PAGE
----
Could Hillary Clinton Win Without Superdelegates? There Are Two Ways To Look At The Democrats' Delegate Race
Hillary Clinton is now the presumptive Democratic nominee, according to the Associated Press. But that's only with the support of superdelegates. The news agency surveyed Democratic elected officials and party leaders to see which candidate they plan on supporting. There are a total of 714 such folk, and they're free to vote for either candidate come July. Enough of them committed to Clinton in the AP interviews that it pushed her over the top, sewing up the support of 2,383 delegates — the magic number. But what if we counted them out? Could Hillary Clinton still win without superdelegates?
The short answer is yes. But there are two scenarios to consider. In one, it's highly unlikely if not impossible. The magic number of delegates needed to win is, again, 2,383 according to the DNC's rules — but that includes super delegates, not just pledged delegates won in primaries and caucuses. According to the Associated Press delegate count, Clinton has 1,812 delegates going into Tuesday's race. That means she's 571 delegates short if we're shooting for the 2,383 majority.
That would be a tricky number to hit. The total number of pledged delegates available in Tuesday's six races is 694 — with 475 coming from California alone. Another 20 will be awarded next week in Washington D.C.'s primary. For Clinton to win a majority of total delegates without any support from superdelegates, she would need to win more than 75 percent of the vote in these upcoming races. She's currently polling ahead nationwide — and in California — but nowhere near that margin. She'll probably take home just over half the votes if the AP announcement doesn't change the outcome.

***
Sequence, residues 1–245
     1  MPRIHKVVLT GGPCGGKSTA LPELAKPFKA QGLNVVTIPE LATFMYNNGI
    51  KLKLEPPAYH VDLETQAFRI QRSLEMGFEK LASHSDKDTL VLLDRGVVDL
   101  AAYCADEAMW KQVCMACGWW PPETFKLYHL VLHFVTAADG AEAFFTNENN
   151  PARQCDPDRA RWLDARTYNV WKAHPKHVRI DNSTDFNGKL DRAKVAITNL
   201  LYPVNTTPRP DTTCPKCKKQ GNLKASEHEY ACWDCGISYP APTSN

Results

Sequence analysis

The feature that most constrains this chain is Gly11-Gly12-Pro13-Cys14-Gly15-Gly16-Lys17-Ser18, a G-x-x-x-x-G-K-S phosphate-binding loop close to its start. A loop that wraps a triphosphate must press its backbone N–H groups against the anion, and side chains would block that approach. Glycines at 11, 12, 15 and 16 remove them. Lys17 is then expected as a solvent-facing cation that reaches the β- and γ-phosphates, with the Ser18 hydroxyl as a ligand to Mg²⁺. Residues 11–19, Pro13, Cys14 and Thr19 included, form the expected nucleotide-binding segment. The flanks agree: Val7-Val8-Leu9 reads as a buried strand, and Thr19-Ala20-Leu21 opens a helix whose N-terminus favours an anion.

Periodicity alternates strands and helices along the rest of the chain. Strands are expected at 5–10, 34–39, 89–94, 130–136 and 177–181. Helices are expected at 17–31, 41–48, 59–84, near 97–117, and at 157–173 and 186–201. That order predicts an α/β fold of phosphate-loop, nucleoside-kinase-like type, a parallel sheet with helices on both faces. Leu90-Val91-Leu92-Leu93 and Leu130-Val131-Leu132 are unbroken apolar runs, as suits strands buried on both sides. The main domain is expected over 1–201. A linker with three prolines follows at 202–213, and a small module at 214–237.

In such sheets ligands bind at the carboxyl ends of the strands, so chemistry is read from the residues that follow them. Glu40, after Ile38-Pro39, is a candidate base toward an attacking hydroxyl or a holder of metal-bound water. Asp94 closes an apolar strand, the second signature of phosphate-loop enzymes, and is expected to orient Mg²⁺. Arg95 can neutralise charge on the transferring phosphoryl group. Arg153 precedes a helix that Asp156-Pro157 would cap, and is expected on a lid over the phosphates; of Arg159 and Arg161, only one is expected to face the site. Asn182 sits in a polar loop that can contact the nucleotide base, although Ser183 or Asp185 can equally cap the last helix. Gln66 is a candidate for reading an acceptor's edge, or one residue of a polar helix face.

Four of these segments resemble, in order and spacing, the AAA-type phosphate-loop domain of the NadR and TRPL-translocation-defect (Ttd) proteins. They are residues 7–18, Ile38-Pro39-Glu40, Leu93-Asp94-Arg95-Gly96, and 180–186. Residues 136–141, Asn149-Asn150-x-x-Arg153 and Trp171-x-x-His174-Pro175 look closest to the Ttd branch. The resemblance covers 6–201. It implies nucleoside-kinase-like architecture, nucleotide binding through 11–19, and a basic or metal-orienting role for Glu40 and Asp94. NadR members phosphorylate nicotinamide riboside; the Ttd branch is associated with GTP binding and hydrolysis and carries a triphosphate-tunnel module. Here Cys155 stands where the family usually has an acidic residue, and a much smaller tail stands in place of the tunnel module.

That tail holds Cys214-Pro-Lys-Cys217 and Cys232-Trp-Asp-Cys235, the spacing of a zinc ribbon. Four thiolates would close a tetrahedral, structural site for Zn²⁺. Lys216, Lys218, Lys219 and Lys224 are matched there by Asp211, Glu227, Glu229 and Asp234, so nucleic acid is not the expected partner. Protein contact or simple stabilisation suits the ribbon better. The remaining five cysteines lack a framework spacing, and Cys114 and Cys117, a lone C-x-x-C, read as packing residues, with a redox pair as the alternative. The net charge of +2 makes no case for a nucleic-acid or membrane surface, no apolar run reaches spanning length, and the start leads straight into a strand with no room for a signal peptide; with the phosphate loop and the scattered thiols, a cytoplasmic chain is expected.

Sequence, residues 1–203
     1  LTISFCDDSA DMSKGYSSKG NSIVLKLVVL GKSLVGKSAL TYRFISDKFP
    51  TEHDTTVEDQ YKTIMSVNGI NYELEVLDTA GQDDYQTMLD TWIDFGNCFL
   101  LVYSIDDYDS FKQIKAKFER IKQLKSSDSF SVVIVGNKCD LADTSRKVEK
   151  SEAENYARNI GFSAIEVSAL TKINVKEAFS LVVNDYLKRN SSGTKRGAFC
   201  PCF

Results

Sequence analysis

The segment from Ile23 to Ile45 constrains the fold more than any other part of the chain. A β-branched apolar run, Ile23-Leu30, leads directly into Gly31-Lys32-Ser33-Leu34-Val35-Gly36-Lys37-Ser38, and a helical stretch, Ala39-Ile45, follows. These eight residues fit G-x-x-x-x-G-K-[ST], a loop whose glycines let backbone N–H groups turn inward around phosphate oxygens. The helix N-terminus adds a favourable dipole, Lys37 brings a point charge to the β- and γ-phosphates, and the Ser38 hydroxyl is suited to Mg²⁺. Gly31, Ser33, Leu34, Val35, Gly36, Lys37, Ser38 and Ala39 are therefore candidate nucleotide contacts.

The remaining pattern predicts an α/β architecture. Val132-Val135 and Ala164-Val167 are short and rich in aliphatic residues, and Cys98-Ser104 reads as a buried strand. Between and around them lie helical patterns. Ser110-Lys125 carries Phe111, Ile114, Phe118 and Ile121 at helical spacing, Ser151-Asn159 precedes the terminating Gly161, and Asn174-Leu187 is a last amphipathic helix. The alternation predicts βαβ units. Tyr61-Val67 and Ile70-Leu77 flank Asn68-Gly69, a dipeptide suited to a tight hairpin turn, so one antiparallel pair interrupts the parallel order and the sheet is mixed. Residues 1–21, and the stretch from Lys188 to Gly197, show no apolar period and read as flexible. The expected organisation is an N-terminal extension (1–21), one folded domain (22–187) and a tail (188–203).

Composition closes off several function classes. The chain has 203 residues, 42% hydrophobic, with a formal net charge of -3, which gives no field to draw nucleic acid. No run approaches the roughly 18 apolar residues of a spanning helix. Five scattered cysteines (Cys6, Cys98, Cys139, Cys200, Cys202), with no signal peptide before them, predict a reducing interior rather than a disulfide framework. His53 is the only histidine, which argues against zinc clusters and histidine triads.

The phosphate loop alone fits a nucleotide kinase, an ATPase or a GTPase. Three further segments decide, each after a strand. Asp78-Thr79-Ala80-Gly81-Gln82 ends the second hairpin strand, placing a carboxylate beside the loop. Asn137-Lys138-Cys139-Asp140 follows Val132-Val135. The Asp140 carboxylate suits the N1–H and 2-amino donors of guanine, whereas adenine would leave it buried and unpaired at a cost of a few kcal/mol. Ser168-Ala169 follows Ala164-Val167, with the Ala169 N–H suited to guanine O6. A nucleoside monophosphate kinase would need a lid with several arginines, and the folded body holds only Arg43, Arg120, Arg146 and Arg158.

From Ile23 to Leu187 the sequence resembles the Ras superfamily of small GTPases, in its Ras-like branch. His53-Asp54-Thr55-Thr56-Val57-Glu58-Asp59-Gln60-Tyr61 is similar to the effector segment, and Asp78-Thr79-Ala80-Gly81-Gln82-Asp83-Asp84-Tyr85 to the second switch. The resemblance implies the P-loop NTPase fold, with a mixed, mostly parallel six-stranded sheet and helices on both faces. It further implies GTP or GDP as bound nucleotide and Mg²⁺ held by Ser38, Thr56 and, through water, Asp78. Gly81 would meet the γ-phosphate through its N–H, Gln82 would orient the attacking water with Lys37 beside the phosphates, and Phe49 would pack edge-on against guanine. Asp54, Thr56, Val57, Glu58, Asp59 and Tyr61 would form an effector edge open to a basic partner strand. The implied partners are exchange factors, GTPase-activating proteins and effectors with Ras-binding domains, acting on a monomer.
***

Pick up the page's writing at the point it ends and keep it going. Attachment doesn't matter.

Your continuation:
That is the scenario the Sanders camp keeps talking about. He has said the Democratic National Convention will be contested because Clinton will be relying on support of superdelegates to put her over the top (just as Obama did in 2008). He claims he can sway their votes between now and July, and therefore it's contested. But this scenario doesn't truly get rid of superdelegates. It just challenges Hillary to win without their support in a system designed with them in mind.
If we actually counted out superdelegates all together, Clinton would easily win the nomination. That would bring down the magic number to just 2,026. That means Clinton would be just 214 short. She would then only need to win about 30 percent of the vote in the remaining contests — something she will easily surpass. By the end of Tuesday, the pledged delegate majority should easily be called for Clinton.
As Nate Silver wrote Monday, that's because Clinton is winning the election. "Clinton will be the Democratic nominee because substantially more Democrats have voted for her," Silver wrote, adding that the AP announcement and Sanders' argument distract from the fact that Clinton is winning the pledged delegate count and the popular vote. She's ahead by about 3 million at this point. As the FiveThirtyEight team previously showed, even if all the rules were bent — or rigged — in Sanders' favor, Clinton would still be winning.
Combine that with her 14-point lead in the most recent national polls, and it's official. The majority of Democrats — their votes, their delegates, and yes, their superdelegates — are with her. Under the current rules or in some imaginary scenario without party leaders having a say, Clinton would still be the nominee.